PMC Weekly Review - January 6, 2017

A Macro View – December Monthly Recap

Domestic equity markets closed out 2016 with strong gains in December, as investors continued to ride out the rally triggered by the election of Donald Trump in November. On December 14, the Federal Open Market Committee (FOMC) voted unanimously to raise the federal funds rate 25 basis points to a range of 0.50%-0.75%. Investors began pricing in the higher likelihood of a Fed rate hike over the past few months, which reached near certainty in the month leading up to December’s FOMC meeting. Approaching the meeting, speculation ensued on how many rate increases to expect in 2017, with the release of post-meeting economic forecasts indicating three hikes for the year ahead. The employment situation continued to show growth with another year of two million jobs added to the labor market. In December, employers added 156,000 jobs, and the unemployment rate rose slightly to 4.7%. The final estimate of third-quarter GDP was reported at +3.5%, an increase from +1.4% in the second quarter, showing continued economic growth.

Within this context, domestic equities were mostly higher during the month. The S&P 500 gained +1.98%, finishing the full year up +12%. The Dow Jones Industrial Average (DJIA) also advanced, delivering a gain of +3.4% and leading the major averages. The DJIA flirted with a key psychological level of 20,000 several times before falling just short with a few down days to close out 2016. The tech-heavy Nasdaq Composite Index rose by +1.2%, finishing the year up 8.9%. The Russell 2000 Index of small cap stocks outperformed the Russell 1000 Index of large cap stocks, with a monthly return of 2.8% compared with 1.9%. Value stocks outperformed growth stocks, and for the full year, outperformed by more than 1,100 basis points within the Russell 3000. In terms of sector performance, the top performers in the month were Telecommunications, Financials, and Utilities, with returns of +8.1%, +3.9%, and +4.9%, respectively. Consumer Discretionary, Materials, and Industrials were the poorest performers, with returns of +0.06%, +0.1%, and +0.5%, respectively. Commodity prices increased by +1.8%. REITs bounced back, gaining 4.7%, after posting poor performance in November.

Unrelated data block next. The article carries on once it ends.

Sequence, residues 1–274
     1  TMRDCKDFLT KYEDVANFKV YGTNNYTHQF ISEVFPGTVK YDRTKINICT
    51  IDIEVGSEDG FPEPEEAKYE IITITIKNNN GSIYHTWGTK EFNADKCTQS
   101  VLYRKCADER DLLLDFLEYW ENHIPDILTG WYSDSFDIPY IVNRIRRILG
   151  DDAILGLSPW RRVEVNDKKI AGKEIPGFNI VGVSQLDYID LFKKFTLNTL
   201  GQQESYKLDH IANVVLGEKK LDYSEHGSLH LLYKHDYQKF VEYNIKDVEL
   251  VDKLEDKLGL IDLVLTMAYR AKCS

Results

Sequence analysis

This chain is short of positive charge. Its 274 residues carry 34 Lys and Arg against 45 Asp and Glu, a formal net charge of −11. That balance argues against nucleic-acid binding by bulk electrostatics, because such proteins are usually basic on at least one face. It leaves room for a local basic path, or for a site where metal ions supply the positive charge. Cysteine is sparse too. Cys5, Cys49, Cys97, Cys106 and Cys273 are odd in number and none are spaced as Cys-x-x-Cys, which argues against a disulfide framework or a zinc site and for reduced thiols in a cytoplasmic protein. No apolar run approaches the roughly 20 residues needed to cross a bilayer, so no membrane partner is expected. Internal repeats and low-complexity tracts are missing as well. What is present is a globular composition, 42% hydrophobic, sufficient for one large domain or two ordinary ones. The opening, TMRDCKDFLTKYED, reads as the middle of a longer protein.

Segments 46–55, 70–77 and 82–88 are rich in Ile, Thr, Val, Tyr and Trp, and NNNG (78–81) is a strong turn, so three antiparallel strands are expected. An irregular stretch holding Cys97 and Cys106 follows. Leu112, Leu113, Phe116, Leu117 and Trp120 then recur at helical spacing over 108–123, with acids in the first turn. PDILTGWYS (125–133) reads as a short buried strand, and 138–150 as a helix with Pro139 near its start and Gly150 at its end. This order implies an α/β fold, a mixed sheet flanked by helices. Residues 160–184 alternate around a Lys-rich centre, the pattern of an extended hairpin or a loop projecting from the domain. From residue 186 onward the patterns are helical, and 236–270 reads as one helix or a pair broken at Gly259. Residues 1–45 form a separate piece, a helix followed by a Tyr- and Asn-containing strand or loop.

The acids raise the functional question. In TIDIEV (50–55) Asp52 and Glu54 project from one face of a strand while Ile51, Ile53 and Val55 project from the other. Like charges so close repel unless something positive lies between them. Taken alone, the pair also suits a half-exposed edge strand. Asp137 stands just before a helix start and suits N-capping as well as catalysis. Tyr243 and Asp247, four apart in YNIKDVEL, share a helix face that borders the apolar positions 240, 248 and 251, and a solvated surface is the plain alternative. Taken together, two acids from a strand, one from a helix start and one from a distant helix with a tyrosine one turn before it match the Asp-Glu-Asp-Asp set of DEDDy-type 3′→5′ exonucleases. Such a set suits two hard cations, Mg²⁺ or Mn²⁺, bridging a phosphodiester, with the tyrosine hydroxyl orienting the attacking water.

International equity markets bounced back in December, after a difficult November, with most markets outperforming US equities. The international market movement over the past two months could be viewed as an overreaction followed by a snapback in several regions. The MSCI World ex-U.S. Index increased by +3.3% for the month, and finished the year up +2.8%. Emerging markets performed poorly on a relative basis, largely as a result of the rise in interest rates. The MSCI Emerging Markets Index posted a gain of +0.2% for the month, finishing up 11.2% for 2016. The MSCI EAFE Index, which measures developed markets performance, gained +3.4%. Regionally, Eastern Europe and Europe were the best relative performers, with returns of +11.1% and +5.2%, respectively. China, Asia EM, and Asia Pacific region ex-Japan were the poorest relative performers, with declines of -4.1%, -1.4%, and -0.6%, respectively.

Fixed-income markets improved in December, after a challenging November, with investors fully pricing in a December rate hike one month early. For the fourth quarter, losses were still somewhat steep, as the Bloomberg Barclays U.S. Aggregate Bond lost -3% in Q4 and declined 2.65% for the full year. The yield curve was relatively unchanged in December, with both short- and long-term yields rising only slightly but in tandem. This was a much less significant move than in November, when the yield curve steepened substantially following the election and the pricing in of a FOMC rate hike. Within this environment, the yield on the 10-year U.S. Treasury Note ended the month at 2.45%, up 7 basis points from the 2.38% level of November 30. Broad-based fixed income indices eked out slight gains, with the Bloomberg Barclays U.S. Aggregate Bond Index increasing 0.14% for the month. Global fixed income markets performed worse, as the Bloomberg Barclays Global Aggregate ex-U.S. Index declined -1%. Intermediate-term corporate bonds posted slight gains, as the Bloomberg Barclays U.S. Corporate 5-10 Year Index rose by +0.3%. The Bloomberg Barclays U.S. Corporate High Yield Index increased by +1.85%. Municipals posted a gain of +1.2% for December.

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